Gas storage is a critical element in the natural gas industry. Producers, transmission and distribution companies, marketers, and end users all benefit directly from the load balancing function of storage. The unbundling process has fundamentally changed the way storage is used and valued. As an unbundled service, the value of storage is being recovered at rates that reflect its value. Moreover, the marketplace has differentiated between various types of storage services, and has increasingly rewarded flexibility, safety, and reliability. The size of the natural gas market has increased and is projected to continue to increase towards 30 trillion cubic feet (TCF) over the next 10 to 15 years. Much of this increase is projected to come from electric generation, particularly peaking units. Gas storage, particularly the flexible services that are most suited to electric loads, is critical in meeting the needs of these new markets. In order to address the gas storage needs of the natural gas industry, an industry-driven consortium was created--the Gas Storage Technology Consortium (GSTC). The objective of the GSTC is to provide a means to accomplish industry-driven research and development designed to enhance operational flexibility and deliverability of the Nation's gas storage system, and provide a cost effective, safe, and reliable supply of natural gas to meet domestic demand. To accomplish this objective, the project is divided into three phases that are managed and directed by the GSTC Coordinator. Base funding for the consortium is provided by the U.S. Department of Energy (DOE). In addition, funding is anticipated from the Gas Technology Institute (GTI). The first phase, Phase 1A, was initiated on September 30, 2003, and was completed on March 31, 2004. Phase 1A of the project included the creation of the GSTC structure, development and refinement of a technical approach (work plan) for deliverability enhancement and reservoir management. This report deals with Phase 1B and encompasses the period April 1, 2004, through June 30, 2004. During this 3-month period, a Request for Proposals (RFP) was made. A total of 17 proposals were submitted to the GSTC. A proposal selection meeting was held June 9-10, 2004 in Morgantown, West Virginia. Of the 17 proposals, 6 were selected for funding.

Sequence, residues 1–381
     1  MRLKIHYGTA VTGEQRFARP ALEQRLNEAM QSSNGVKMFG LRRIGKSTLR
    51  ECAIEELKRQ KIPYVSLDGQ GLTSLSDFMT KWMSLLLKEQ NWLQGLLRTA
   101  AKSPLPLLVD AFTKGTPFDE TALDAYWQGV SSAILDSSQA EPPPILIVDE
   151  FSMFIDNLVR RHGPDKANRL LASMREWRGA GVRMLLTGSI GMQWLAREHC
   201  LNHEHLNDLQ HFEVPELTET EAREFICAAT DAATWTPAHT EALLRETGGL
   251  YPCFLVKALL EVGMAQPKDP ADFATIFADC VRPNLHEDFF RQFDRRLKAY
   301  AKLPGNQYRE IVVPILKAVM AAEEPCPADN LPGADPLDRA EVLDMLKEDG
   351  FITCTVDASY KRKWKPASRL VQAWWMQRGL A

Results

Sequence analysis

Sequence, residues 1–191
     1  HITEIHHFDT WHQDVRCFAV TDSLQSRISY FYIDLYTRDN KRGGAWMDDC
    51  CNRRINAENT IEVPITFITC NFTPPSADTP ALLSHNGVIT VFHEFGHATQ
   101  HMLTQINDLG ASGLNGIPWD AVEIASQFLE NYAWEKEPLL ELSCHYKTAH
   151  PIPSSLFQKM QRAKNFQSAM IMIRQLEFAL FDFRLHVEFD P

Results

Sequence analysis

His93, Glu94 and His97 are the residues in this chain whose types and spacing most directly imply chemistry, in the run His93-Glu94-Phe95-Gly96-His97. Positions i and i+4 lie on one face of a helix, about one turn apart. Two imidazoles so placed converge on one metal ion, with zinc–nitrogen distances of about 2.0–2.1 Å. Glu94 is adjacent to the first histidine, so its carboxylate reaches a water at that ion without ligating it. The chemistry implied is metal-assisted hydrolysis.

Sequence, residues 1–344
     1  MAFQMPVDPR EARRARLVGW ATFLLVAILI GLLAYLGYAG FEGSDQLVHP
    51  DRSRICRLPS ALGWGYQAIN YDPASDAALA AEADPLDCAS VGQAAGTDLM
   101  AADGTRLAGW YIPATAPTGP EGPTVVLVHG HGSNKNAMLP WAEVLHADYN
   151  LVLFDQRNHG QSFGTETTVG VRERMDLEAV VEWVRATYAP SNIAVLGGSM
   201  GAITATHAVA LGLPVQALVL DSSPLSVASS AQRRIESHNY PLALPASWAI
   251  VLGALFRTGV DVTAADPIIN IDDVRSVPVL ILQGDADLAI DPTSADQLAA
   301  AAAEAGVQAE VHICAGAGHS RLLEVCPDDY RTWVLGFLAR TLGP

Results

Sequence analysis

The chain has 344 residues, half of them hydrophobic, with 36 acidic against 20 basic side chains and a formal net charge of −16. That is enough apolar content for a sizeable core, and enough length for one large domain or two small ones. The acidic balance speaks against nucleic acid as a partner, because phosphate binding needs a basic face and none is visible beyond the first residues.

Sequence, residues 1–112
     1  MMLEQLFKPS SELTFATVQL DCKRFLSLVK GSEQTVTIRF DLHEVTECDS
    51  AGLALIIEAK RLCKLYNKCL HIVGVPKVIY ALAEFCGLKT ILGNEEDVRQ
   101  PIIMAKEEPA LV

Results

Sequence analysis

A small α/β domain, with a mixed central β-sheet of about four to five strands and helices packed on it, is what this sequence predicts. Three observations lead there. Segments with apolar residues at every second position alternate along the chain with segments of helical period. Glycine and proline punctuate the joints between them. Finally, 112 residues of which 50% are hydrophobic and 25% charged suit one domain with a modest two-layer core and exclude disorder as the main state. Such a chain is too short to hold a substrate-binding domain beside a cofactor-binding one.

Robert W. Watson

2004-07-15T23:59:59.000Z

291

GAS STORAGE TECHNOLOGY CONSORTIUM  

Science Conference Proceedings (OSTI)